• This is definitely the best approach and is generalizable to arbitrary products of arbitrary cyclic groups. Learning this in my number theory course was super cool. Jan 11, 2017 at 15:29
• Excuse me, but what does "ramified" mean?
– Labo
Mar 24, 2017 at 22:17
• Let $K\supset k$ be a pair of number fields, with $[K:k]=n$. Let $\mathfrak o$ and $\mathfrak O$ be the rings of integers of $k$ and $K$ respectively. Now let $\mathfrak p$ be a prime of $\mathfrak o$. Then $\mathfrak p\mathfrak O$ is writable as $\mathfrak P_i^{e_1}\cdots\mathfrak P_g^{e_g}$, where the $\mathfrak P_i$ are primes of $\mathfrak O$. The $e_i$ are called the ramification indices, and if any of them is $>1$, you say that there is ramification, or that $\mathfrak P_i$ is ramified over $\mathfrak p$, or that $\mathfrak p$ is ramified. Mar 25, 2017 at 2:35

Many pairs fields can be distinguished by their discriminant. And knowing the discriminant of a defining polynomial instead of that of the field is often good enough.

Recall that if $f$ is an irreducible polynomial over $\mathbb{Q}$ that defines a number field $K$, then there exists some integer $s$ such that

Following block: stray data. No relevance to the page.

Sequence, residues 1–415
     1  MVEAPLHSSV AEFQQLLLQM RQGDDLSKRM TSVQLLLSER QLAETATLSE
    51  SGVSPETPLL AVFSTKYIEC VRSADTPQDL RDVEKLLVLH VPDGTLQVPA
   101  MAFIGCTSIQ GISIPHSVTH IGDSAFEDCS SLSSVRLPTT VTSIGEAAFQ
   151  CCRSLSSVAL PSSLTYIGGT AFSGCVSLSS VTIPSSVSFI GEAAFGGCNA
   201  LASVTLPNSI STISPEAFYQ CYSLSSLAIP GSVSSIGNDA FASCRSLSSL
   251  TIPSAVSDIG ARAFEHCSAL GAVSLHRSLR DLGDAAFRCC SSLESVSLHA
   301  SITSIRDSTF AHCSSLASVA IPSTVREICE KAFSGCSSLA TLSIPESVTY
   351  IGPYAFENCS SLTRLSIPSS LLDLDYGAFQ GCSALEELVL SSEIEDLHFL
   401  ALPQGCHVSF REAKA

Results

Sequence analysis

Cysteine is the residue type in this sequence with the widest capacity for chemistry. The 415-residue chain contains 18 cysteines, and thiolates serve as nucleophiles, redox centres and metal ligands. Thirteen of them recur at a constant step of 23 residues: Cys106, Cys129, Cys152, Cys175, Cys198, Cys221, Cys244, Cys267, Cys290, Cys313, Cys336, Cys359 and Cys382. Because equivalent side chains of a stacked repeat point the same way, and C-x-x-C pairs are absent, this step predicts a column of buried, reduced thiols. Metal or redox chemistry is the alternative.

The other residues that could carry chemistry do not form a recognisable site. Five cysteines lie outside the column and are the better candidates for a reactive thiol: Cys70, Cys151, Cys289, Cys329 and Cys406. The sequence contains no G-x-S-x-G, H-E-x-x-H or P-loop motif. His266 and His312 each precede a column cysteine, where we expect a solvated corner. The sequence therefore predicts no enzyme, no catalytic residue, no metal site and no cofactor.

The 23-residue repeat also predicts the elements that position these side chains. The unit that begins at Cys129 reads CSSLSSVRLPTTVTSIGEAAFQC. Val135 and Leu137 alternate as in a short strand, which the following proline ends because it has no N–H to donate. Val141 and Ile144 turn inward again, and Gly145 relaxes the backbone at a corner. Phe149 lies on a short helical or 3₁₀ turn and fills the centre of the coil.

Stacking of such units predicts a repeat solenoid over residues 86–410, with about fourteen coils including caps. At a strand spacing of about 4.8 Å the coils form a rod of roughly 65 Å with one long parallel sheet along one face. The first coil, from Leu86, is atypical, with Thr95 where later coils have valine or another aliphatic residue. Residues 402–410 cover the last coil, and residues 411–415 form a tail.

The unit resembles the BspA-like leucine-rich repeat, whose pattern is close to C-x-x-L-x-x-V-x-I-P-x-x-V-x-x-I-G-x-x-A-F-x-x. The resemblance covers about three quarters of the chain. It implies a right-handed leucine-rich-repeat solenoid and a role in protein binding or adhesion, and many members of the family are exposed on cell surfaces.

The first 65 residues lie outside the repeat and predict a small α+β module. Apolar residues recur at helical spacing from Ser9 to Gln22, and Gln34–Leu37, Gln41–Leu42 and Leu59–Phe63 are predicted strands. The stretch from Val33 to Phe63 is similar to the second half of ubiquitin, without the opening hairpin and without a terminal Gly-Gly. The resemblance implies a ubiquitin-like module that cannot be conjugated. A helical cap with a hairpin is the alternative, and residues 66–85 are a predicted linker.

$$\operatorname{disc}(f) = s^2 \operatorname{disc}(K)$$

Therefore, if you have two irreducible polynomials $f$ and $g$ such that the ratio of their discriminants is not a square, then they cannot define the same field.

Although, as pointed out in the comments, cubics with galois group $A_3$ are precisely those whose discriminant is a square, so for this approach to work you have to do more than look at the discriminant of a single defining polynomial; e.g.

• Obtain the actual field discriminant
• Find polynomials defining the two fields whose discriminants are relatively prime (exploiting the fact that $\operatorname{disc}(K) \neq 1$ for every number field $K \neq \mathbb{Q}$).

Another simple test is to factor an integer. If $K$ and $L$ are two fields such that $p\mathcal{O}_K$ and $p\mathcal{O}_L$ have factorizations into ideals that don't have the same pattern of degrees and ramification indices, then they aren't the same field.

For example, if the discriminants of $f$ and $g$ are cubics with galois group $A_3$ and both have discriminant relatively prime to $p$, and $f$ has three roots in $\mathbf{F}_p$ but $g$ has no roots in $\mathbf{F}_p$, then the fields defined by $f$ and $g$ are distinct.

In that case, in the field defined by $f$, $(p)$ factors into a product of three ideals of degree $1$, but in the field defined by $g$, $(p)$ is a prime ideal.

In your question at the end, you do not specify wheteher your cubic fields are Galois above $Q$, but the whole context of your post suggests that they are. In this case your problem admits a purely Galois theoretic solution (arithmetic will come into play only over $Q$).